I was a guest artist at the Bonsai Triennale, 20-22. June 2014, Pillnitz, Dresden, Germany.
The Bonsai Triennale is the joint project of the Central German Bonsai Regional Association and the National Bonsai organisations in Poland and the Czech Republic it’s in the fourth edition and returns after 2011. The event took place in the beautiful ambience of the orangery of the castle and Pillnitz
Almost 2000 visitors enjoyed a high level exhibition and a packed program of demos and lectures. What impressed me the most was the team behind the show.
Having a good team is crucial to the success of a Bonsai show, you have to have people you can rely on, who work hard and are prepared to take on any job to ensure that the event is a great experience for visitors.
I did not see the build up of the show but witnessed the breakdown, the guys and girls worked like a well-oiled machine; everyone knew EXACTLY what to do and where to be to clear the venue as quickly as possible. The whole event was cleared in under 2 hours… AND they were not happy as they had done if faster on previous occasions… Germany Efficiency you better believe it!
Last weekend I attended the rather special EUK Bonsai Ten in Diepenbeek, Belgium. I attended with a friend from Italy. I was a trader and a demonstrator and this being my first time at this club I did not know what to expect. What very quickly became apparent was the incredible organisation and planning that had gone into the staging of this ‘club’ bonsai show. It was Friday evening, the whole show was staged and ready for business, a few traders had set up their shops and the excitement was palpable. I finally met up with Tom Benda an amazing potter from Czech Republic, we are working together…watch this space!
The exhibition featured an excellent club show with many superb trees worthy of a national exhibition and a show from Mario Komsta that was literally breathtaking in presentation and quality of trees, each being in a black Tokonoma individually lit. This was a benchmark for bonsai in Europe.
The demonstrators Viriato Oliveira and Márcio Meruje from Portugal, François Jeker from France, Enrico Savini from Italy, Mark and Ritta Cooper and ME! Most of the guys worked on trees however Mark, Ritta and I gave digital presentations that were very well received with many people standing and crowding the doorway.
A Huge thanks for inviting me to this amazing show to the guys and girls of Bonsai Club Eda Uchi Kai, in particular Hans Vleugels, Inge and JP Polmans for their generosity and opening their house to a bunch of renegade bonsai artists.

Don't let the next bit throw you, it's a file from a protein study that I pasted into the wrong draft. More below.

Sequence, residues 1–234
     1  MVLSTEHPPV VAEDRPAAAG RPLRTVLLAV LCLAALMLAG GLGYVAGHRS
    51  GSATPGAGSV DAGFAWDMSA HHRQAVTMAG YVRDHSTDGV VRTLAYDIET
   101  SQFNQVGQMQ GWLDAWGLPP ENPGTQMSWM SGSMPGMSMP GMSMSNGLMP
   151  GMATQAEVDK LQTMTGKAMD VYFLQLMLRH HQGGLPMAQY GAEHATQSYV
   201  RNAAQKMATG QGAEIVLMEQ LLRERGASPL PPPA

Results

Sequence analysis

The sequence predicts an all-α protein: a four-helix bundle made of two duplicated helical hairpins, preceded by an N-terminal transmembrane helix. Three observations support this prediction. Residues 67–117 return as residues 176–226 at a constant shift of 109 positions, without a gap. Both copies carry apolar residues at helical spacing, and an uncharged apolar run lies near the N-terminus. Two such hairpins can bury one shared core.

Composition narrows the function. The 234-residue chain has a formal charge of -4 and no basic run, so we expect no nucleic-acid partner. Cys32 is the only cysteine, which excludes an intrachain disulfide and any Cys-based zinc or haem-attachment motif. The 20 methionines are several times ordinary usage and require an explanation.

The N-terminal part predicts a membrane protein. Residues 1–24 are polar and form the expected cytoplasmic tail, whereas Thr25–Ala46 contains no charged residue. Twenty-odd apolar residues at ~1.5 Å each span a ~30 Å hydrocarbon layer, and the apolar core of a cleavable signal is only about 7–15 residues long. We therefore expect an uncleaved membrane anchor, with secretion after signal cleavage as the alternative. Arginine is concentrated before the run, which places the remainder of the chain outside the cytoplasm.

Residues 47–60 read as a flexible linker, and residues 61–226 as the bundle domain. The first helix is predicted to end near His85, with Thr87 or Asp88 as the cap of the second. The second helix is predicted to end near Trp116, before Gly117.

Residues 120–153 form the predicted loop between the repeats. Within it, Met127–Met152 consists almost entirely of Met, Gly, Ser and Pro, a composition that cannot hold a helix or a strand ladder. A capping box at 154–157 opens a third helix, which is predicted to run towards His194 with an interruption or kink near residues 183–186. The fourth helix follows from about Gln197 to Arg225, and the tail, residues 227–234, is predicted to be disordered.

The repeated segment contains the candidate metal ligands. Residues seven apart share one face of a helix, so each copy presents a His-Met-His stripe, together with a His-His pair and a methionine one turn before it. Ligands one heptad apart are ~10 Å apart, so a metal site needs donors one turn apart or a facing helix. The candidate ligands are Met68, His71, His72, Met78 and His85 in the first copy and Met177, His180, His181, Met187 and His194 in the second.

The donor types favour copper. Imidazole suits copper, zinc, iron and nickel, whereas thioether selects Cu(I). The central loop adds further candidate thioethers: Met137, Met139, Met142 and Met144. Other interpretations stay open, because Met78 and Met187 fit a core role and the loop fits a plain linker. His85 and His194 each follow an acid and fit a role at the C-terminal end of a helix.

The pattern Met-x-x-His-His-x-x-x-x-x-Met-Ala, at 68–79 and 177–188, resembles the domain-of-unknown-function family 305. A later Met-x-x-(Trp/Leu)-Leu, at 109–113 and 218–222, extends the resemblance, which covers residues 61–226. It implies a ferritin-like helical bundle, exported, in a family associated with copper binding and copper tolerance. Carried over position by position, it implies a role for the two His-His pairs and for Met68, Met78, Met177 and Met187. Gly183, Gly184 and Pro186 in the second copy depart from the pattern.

All photos supplied by Roland Petek, take a look at his extensive blog and lots more photos of the Bonsai Club Eda Uchi Kai show http://roland-bonsai-eng.blogspot.co.uk/
The styled tree laid over the raw material (Photoshop)
I traded a small Yew for this Mugo Pine at The Burrs workshop 2012, it was planted in a large flat plastic seed tray in a soil mixture not suitable for the rather damp conditions where I live. Whilst re-potting I saw that all the roots were on one side so decided to change the angle and make a cascading tree. The tree responded well and has thrived all year. Today I styled the tree, I have not wired to the tips of the needles because at this stage refinement is NOT my objective. Branch placement and the establishment of the design. The next few years will be bud development and refining the design.
update image due to a discussion on EBF
In the dark depths of my memory I remember a phrase spoken by another artist during a lecture/demo… “Create the smallest Bonsai possible with the material you have” … and lets face it BONSAI are supposed to be small trees. Despite the plethora of large trees being shown in major exhibitions I have noticed an upsurge in ‘small’ bonsai… Note the recent major Shohin exhibition here in the UK and the growth of the British Shohin Association over the last few years. Certainly many artists of my generation (and older) suffer from ‘Bad backs’ due to carrying over large bonsai.
Many large bonsai do possess drama and ‘presence’ but so do small trees… AND I believe that small trees are more challenging, far more attention to detail and a delicate touch is required.
I have just styled this ‘Kifu’ Taxus. When the tree was collected from the cliff face it was over 1.5 metres in height and a double trunk. The original idea was a Chuhin size but the fascinating area around the nebari and a twisting live vein leading to a strong branch enabled this tree to become a Kifu size bonsai. It is planted in a lovey circular pot by Milan Klika.
the Kifu taxus styled today
Not quite as collected, the top of the tree has been reduced
This was how the tree was originally styled but it simply did not look OK
Today we visited the Studios of Bonsai Focus to make a photos shoot for articles in future magazines. I worked on a lovely larch and Mikey worked a Scots Pine that was collected over 10 years ago and gifted to Mikey to work on from Terry Foster.